- Added by: John Baldari, Contributed by:
Publisher: How We Fight: Ethics in War contains ten groundbreaking essays by some of the leading philosophers of war. The essays offer new perspectives on key debates including pacifism, punitive justifications for war, the distribution of risk between combatants and non-combatants, the structure of ‘just war theory’, and bases of individual liability in war.
Comment: This text is best used in modules or classes introducing or investigating military ethics, war theory, and legal philosophy. This should be a primary text for such classes.Export citation in BibTeX formatExport text citationView this text on PhilPapersExport citation in Reference Manager formatExport citation in EndNote formatExport citation in Zotero format
- Added by: Simon Fokt, Contributed by: Lizzy Ventham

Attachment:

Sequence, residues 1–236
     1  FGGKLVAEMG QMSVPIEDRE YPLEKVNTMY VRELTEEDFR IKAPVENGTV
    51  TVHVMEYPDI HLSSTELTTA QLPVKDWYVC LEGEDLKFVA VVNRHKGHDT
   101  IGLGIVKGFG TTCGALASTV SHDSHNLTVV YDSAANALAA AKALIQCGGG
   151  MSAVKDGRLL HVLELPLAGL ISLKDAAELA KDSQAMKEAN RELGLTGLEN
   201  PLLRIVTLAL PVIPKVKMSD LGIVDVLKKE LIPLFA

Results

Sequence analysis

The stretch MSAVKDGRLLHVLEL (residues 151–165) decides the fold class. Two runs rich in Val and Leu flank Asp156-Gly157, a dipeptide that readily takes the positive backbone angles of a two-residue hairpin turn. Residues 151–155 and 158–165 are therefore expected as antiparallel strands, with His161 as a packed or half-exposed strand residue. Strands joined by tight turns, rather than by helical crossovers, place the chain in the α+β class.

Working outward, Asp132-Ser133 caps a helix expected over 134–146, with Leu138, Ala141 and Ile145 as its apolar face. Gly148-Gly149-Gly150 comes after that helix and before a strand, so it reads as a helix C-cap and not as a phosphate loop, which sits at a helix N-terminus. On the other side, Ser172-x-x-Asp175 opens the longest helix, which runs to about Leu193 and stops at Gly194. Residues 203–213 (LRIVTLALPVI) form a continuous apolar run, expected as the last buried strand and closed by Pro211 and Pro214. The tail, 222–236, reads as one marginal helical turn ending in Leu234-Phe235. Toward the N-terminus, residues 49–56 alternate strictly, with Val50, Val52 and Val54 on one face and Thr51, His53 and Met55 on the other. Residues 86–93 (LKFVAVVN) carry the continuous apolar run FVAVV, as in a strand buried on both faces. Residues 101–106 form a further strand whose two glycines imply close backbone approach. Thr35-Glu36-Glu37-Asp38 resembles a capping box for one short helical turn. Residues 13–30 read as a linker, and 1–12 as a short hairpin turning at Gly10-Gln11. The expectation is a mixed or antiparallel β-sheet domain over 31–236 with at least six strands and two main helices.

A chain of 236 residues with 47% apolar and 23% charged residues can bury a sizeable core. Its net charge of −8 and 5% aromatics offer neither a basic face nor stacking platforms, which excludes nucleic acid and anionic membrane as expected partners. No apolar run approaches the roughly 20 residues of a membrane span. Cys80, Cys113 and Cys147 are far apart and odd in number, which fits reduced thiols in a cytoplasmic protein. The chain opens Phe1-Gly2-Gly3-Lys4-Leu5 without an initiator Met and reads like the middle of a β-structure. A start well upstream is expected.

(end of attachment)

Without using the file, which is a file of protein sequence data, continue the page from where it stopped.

Abstract: Fiona Woollard presents an original defence of the Doctrine of Doing and Allowing, according to which doing harm seems much harder to justify than merely allowing harm. She argues that the Doctrine is best understood as a principle that protects us from harmful imposition, and offers a moderate account of our obligations to offer aid to others.
Comment: This book gives a great overview to the debate about the difference between doing and allowing harm, as well as advancing its own view. I recommend it as further reading on courses in a number of topics, including any that cover non-consequentialism and those that cover certain applied ethical topics. Woollard also co-authors the stanford encyclopedia entry on the same topic, which I also include in my reading lists.Export citation in BibTeX formatExport text citationView this text on PhilPapersExport citation in Reference Manager formatExport citation in EndNote formatExport citation in Zotero format